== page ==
Del. Alfonso Lopez, D-Arlington, said he had to hide his tears when his version of the legislation passed the House 56-44 to a round of applause from advocates. (The lone Republican yes vote was Del. John Avoli, the former mayor of Staunton who immigrated to the United States from Italy at age 10.) This was the ninth consecutive year that Lopez introduced the bill and the first year it advanced out of committee onto the House floor.

The bills make all students eligible for in-state college tuition, regardless of immigration or citizenship status, as long as they’ve attended high school in Virginia for at least two years or graduated since July 1, 2008. Students would also be eligible if they’ve passed a high school equivalency exam since 2008.

Undocumented students are currently ineligible both for in-state tuition rates and federal aid programs such as student loans and work-study programs.

“In my neck of the woods, I’ve met students who should be going to MIT and Cal Tech who can’t afford Northern Virginia Community College,” Lopez said. “We invest millions of dollars in these kids and then put up a stop sign saying, ‘No, you can’t go any further.’”

A 2019 report from the nonpartisan Migration Policy Institute found that roughly 2,000 undocumented students graduate from Virginia high schools every year, according to the most recently available data from the U.S. Census Bureau.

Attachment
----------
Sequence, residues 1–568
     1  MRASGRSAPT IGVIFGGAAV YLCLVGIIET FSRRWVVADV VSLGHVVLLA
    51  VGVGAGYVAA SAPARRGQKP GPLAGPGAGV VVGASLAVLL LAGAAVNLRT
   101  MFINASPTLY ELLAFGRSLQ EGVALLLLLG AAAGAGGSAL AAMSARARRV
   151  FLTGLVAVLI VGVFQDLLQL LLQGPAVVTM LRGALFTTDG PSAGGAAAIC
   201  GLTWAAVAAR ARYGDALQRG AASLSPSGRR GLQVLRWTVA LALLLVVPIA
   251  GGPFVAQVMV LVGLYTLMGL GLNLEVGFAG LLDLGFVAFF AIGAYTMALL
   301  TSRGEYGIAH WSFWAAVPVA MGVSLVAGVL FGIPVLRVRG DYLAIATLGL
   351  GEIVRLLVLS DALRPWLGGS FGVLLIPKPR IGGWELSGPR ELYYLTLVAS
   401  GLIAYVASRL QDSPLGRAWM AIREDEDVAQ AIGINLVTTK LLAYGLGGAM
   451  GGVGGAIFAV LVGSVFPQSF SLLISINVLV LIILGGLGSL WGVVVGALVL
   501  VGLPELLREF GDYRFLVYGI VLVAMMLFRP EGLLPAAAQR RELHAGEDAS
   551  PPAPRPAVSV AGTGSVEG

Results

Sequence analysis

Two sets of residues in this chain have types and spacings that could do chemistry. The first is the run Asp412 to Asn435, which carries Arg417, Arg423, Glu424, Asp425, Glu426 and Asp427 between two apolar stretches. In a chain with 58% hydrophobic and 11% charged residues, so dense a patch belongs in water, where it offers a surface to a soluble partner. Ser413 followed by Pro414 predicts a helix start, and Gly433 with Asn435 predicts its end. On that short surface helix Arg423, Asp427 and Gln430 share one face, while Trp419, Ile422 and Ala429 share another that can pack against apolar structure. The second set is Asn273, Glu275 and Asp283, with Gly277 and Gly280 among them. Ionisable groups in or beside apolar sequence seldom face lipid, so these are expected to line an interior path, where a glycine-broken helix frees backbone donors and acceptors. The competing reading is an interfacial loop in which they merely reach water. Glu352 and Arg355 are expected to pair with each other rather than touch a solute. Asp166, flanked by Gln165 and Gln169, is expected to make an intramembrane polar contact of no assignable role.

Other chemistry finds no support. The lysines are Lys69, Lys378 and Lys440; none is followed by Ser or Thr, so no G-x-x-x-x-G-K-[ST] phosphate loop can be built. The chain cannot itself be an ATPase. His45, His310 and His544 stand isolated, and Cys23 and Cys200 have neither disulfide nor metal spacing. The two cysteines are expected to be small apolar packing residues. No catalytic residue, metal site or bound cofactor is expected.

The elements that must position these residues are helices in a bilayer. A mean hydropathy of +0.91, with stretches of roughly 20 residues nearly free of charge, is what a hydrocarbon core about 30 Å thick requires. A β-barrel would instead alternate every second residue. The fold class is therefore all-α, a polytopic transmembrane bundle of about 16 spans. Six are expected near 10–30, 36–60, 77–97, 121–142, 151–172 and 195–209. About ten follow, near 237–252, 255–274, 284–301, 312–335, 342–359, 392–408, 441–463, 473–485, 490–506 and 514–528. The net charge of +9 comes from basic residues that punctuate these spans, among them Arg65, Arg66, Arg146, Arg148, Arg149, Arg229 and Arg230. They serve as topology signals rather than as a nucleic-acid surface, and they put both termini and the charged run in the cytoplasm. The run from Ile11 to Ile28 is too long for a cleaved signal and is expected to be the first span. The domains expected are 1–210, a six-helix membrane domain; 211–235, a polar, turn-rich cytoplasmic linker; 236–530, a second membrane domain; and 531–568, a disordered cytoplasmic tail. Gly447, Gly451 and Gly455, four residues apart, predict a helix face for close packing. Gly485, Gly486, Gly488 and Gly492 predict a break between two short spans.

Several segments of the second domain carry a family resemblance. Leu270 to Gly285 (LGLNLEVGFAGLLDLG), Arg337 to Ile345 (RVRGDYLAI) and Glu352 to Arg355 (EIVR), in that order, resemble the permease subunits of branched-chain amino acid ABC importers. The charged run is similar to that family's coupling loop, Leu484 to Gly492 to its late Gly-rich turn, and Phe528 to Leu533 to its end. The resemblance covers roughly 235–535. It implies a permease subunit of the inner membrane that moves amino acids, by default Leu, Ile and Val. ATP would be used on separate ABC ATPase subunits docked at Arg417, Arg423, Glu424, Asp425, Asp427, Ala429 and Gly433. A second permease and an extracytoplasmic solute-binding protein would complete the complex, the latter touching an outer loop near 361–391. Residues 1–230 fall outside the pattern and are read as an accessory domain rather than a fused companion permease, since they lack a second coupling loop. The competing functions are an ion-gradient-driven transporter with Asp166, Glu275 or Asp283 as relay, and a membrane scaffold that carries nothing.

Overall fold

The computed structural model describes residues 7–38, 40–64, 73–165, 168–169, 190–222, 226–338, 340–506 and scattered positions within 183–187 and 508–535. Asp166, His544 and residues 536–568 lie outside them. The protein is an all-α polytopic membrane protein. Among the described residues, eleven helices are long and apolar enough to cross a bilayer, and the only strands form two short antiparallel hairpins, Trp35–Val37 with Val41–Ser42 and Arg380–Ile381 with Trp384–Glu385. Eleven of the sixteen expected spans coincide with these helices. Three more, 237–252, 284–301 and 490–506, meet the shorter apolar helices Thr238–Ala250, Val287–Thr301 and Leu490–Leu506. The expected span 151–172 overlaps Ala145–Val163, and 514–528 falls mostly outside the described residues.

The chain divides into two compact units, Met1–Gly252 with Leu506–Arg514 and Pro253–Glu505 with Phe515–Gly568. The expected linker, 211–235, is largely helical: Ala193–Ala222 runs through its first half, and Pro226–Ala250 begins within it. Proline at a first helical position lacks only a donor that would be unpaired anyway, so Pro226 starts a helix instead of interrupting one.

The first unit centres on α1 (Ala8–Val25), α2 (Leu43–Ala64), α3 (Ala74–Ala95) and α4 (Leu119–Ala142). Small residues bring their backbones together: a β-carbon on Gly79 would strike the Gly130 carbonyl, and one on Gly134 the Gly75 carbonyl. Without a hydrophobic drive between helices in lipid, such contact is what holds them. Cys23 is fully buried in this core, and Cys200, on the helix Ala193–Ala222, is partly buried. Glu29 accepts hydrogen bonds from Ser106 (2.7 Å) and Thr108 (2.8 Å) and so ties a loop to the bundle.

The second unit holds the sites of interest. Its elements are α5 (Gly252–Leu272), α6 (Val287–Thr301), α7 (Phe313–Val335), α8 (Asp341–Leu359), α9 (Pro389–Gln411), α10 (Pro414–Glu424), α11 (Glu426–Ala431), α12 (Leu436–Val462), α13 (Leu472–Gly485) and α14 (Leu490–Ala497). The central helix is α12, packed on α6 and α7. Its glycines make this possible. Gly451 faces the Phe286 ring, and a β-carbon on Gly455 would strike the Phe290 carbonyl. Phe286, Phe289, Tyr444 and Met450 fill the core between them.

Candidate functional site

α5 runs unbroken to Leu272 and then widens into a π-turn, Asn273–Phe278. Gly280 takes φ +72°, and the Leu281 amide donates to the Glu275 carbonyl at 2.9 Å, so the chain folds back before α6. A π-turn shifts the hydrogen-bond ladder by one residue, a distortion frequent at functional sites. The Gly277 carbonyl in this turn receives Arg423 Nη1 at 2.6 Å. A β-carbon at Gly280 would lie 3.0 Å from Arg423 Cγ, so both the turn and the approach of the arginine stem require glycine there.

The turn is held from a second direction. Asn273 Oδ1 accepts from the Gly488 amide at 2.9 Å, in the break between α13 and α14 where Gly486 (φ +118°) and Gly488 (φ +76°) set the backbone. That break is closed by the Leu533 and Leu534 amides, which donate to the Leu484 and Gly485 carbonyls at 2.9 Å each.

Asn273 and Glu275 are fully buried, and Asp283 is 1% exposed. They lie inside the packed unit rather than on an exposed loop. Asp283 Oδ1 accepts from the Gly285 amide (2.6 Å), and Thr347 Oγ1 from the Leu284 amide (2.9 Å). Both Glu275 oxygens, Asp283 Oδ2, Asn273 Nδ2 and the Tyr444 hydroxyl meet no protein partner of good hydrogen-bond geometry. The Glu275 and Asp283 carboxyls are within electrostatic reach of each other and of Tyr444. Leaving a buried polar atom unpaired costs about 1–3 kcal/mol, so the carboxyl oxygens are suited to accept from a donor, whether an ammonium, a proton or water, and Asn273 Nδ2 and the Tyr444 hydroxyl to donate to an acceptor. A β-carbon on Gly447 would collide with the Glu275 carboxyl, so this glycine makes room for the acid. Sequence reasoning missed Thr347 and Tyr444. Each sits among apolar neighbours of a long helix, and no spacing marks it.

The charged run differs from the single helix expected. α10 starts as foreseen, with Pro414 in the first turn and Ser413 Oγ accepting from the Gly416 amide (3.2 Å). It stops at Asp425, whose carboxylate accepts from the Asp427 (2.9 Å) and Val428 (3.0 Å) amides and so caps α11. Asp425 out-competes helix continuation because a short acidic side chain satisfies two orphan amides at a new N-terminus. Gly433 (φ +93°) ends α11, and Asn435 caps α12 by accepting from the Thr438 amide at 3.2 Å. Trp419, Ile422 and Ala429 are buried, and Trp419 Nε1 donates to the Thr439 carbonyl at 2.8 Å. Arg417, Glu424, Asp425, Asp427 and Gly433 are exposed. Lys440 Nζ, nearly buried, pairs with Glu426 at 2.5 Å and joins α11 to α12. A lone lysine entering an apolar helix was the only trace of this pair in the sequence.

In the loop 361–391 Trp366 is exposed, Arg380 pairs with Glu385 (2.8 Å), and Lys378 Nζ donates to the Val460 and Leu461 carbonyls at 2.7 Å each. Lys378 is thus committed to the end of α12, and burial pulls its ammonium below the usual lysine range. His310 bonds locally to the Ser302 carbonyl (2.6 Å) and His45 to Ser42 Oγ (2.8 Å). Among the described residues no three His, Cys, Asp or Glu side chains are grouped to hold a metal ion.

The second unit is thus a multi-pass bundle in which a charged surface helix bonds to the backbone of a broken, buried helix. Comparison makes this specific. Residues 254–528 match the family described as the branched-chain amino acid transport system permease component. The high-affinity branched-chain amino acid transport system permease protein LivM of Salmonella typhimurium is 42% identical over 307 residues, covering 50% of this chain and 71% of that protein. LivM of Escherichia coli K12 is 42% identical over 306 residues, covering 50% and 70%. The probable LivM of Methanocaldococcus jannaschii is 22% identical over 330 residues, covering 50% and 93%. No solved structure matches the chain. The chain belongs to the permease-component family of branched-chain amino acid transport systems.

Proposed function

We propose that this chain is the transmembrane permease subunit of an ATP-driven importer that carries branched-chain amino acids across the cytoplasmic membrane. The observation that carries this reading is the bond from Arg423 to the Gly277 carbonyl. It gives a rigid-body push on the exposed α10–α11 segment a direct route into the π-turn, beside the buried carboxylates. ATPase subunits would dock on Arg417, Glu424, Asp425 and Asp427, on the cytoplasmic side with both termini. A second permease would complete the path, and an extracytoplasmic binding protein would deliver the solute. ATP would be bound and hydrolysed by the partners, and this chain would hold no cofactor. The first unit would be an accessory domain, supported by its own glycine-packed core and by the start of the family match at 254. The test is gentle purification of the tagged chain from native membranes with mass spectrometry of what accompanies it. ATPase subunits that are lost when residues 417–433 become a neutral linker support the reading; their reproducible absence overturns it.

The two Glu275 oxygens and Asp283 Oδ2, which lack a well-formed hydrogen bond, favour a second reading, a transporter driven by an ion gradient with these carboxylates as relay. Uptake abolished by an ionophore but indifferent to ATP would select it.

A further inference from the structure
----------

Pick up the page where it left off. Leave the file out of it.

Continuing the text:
A fiscal impact statement from the state’s Department of Planning and Budget found the bills would have an undetermined impact on revenue. It would depend on how many undocumented students transition from out-of-state to in-state tuition rates.

Neither the House nor Senate bill would apply to immigrants who temporarily move to the United States for school or temporary work. But the Senate version, which passed Tuesday on a 21-19 party line vote, also allows prospective students or their parents to use Virginia income tax returns to prove they’ve been residing in the state. Undocumented students — or their legal guardians — would be required to submit at least two years of tax returns prior to their date of college enrollment.

In both versions of the bill, students could also use proof of high school enrollment or graduation in Virginia to show they’ve been living in the state.

Under both bills, immigration and citizenship information would only be used for determining in-state tuition eligibility. Both chambers will debate the differences between the two versions of the legislation.

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Kate Masters
Kate grew up in Northern Virginia before moving to the Midwest, earning her degree in journalism from the University of Missouri.She spent a year covering gun violence and public health for The Trace in Boston before joining The Frederick News-Post in Frederick County, Md. While at the News-Post, she won awards in feature writing and breaking news from the Maryland-Delaware-DC Press Association, including a best in show for her coverage of the local opioid epidemic. Most recently, she covered state and county politics for the Bethesda Beat in Montgomery County, Md. Contact: [email protected]
Ned Oliver
Ned, a Lexington native, has more than a decade’s worth of experience in journalism, beginning at The News-Gazette in Lexington, and including stints at the Berkshire Eagle, in Berkshire County, Mass., and the Times-Dispatch and Style Weekly in Richmond. He is a graduate of Bard College at Simon’s Rock, in Great Barrington, Mass. Contact him at [email protected]